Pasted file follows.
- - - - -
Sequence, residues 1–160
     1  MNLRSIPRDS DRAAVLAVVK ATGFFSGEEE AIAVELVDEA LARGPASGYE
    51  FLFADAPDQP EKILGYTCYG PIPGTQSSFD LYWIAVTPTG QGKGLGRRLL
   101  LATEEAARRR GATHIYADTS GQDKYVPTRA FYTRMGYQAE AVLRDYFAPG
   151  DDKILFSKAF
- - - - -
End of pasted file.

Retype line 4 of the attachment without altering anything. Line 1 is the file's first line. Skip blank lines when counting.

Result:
   101  LATEEAARRR GATHIYADTS GQDKYVPTRA FYTRMGYQAE AVLRDYFAPG